Of what interlocking networks does the brain consist?
Leslie Haley Wasserman and Debby Zambo are coeditors of a book called Early Childhood and Neuroscience: Links to Development and Learning. In their book, Wasserman and Zambo explain that the brain is composed of neurons. Neurons is the scientific name for “nerve cells”. The brain is split into two hemispheres. Each hemisphere is subdivided into lobes. Each lobe is associated with a different task. Wasserman and Zambo explain that these lobes are connected by interlocking networks of neurons. These interlocking networks of neurons enable complex tasks such as memorization, forethought, and the coordination of muscles.
The Roots of Backpropagation: From Ordered Derivatives to Neural Networks and Political Forecasting by Paul John Werbos explains that the mammalian brain is divided into three interlocking networks of brain cells. These networks and their functions are identified and briefly explained below:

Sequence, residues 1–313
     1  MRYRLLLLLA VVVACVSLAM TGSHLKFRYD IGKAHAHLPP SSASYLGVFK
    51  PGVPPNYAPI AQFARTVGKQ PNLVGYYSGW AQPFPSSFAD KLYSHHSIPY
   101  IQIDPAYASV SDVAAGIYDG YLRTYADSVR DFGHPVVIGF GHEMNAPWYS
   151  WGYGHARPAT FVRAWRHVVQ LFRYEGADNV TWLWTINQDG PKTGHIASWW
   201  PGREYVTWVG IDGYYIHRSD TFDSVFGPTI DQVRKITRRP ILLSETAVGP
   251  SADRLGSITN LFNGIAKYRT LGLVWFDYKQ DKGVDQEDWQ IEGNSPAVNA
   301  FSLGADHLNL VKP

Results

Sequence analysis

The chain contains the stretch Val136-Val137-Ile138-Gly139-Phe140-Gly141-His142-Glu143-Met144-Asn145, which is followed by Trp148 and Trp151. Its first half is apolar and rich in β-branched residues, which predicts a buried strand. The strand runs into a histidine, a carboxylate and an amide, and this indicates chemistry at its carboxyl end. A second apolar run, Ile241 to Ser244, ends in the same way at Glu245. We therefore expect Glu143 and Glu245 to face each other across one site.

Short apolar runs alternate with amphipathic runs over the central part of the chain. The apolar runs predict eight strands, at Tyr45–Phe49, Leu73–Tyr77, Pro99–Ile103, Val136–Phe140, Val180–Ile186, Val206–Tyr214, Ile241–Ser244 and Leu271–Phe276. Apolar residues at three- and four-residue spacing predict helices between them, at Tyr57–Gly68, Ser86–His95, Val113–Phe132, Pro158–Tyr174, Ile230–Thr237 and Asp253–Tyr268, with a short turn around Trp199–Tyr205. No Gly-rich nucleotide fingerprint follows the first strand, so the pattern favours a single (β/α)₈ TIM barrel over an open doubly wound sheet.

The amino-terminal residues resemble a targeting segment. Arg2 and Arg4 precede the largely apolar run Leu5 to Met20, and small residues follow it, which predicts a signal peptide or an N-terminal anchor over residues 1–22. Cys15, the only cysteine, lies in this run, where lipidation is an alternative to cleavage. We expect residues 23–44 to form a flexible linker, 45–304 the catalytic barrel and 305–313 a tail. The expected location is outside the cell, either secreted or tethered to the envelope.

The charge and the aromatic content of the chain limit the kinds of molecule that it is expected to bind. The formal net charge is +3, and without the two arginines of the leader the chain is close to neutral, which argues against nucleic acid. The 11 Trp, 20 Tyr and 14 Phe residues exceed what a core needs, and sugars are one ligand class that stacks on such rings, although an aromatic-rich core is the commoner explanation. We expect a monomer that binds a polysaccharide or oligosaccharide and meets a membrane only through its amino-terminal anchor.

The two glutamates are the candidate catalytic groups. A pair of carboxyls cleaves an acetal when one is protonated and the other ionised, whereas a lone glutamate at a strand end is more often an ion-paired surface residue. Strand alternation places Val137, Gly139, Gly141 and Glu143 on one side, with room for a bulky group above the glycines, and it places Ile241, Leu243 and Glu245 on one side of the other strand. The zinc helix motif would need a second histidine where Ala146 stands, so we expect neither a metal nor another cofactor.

- John explains that the limbic network calculates system values and is the “basis for reinforcing actions.
- John’s second network is called the corticothalamic system that works to create “a model of the external environment”.
- John’s last network is the brain stem. John explains that the brain stem “directly controls actions in response to what is known about the external environment”.